Linux On Virtual PC

Over the last month, I have had to do a lot of software testing and I have had to install Linux, Windows XP, and even Windows98, a few times on Virtual PC 2007. Undeniably I have come to some conclusions on operating system installs and Virtual PC as a testing tool. Without a doubt Virtual PC has too many flaws to be the testing tool I wanted it to be. Microsoft has taken Connectix’s Macintosh product and made it into a virtualization tool for Windows users who want to install all different flavors of Windows on their PC, but in doing so they have not improved on the product as one would imagine they would.

  • 16-bit color is still really the optimal choice for most virtual machines. This is something that you run into right away when you try installing Ubuntu or Fedora, which default to 24-bit color.
  • Virtual machines are not technically virtual, because there is no way to give a machine more memory than is available physically on your machine.
  • Accelerated video is still missing from Virtual PC, which means your hi-end video card won’t due much for your virtual machines.

As for Linux, after installing Ubuntu, Kbuntu, and Fedora 6 and trying to setup LAMP (Linux + Apache + MySQL + PHP) along with Webmin and PHPMyAdmin, I started to miss Mac OS X and Windows. The package installer in Ubuntu is by far the easiest to use, but to enable extra packages and get dependencies updated, you still have to resort to the command line, and even then just to install Webmin takes more than just a couple of commands. Fedora was actually harder to use when it came to installing other software. On the other hand Fedora was faster and more responsive than Ubuntu. In the end I finally got everything setup in Ubuntu, and even resolved myself to using GNOME, and dare I say, liking some aspects of it, but as a desktop Mac OS X is so much easier to use and maintain, that I really wonder why anyone would want to use Linux or Debian.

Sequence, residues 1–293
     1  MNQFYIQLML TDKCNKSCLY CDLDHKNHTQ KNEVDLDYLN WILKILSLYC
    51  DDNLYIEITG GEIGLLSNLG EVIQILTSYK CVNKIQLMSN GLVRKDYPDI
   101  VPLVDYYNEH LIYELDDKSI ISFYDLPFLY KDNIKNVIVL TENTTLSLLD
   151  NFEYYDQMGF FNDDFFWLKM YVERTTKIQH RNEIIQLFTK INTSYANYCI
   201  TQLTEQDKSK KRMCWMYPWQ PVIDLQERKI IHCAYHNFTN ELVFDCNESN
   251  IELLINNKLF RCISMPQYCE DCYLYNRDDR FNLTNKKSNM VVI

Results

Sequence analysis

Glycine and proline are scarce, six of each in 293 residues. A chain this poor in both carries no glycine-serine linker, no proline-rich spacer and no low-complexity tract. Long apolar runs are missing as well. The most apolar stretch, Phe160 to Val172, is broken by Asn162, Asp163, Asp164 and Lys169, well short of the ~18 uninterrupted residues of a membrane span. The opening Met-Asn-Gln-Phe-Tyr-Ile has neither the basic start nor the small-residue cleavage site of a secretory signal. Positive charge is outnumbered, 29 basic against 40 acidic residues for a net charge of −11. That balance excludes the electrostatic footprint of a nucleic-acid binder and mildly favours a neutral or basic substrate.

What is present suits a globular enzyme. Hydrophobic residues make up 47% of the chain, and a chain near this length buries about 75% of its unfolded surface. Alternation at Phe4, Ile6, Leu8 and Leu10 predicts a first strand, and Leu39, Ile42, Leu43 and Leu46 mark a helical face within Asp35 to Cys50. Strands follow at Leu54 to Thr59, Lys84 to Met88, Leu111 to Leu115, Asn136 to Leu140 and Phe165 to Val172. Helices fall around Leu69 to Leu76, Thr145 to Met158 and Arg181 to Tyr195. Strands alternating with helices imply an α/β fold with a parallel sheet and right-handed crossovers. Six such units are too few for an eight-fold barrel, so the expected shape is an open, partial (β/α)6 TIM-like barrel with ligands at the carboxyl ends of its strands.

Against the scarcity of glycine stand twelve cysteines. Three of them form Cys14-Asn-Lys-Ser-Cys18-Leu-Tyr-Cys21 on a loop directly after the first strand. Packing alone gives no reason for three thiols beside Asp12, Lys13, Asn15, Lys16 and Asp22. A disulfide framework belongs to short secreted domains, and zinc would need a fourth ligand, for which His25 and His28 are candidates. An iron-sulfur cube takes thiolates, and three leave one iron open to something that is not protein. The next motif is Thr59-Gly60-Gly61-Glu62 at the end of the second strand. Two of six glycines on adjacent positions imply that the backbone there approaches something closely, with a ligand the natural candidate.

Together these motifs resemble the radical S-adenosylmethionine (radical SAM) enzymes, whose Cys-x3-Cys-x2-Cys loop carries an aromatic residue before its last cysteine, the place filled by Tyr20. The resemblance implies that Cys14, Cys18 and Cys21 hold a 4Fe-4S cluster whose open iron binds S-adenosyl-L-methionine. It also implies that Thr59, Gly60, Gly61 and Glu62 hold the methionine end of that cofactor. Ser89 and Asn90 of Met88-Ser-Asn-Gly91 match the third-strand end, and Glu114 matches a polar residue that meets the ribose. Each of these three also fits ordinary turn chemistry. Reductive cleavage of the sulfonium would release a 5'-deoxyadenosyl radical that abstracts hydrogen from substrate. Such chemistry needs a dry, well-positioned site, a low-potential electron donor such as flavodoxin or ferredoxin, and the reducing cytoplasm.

When it comes down to it, Ubuntu and Fedora are great systems for running Apache and PHP, but their desktop use is arguably not any better than Windows or Mac OS X. Microsoft has not improved on Virtual PC, since aquiring Connectix, and worst of all they killed another great application on the Mac platform.

Filed under: Microsoft

2 Comments

  1. Avatar

    The package installer in Ubuntu is by far the easiest to use, but to enable extra packages and get dependencies updated, you still have to resort to the command line

    Actually, nothing forces you to enable those extra repositories via the command-line. It’s just the fastest/easiest way to explain how to do it.

  2. Avatar

    i can’t seem to install linux


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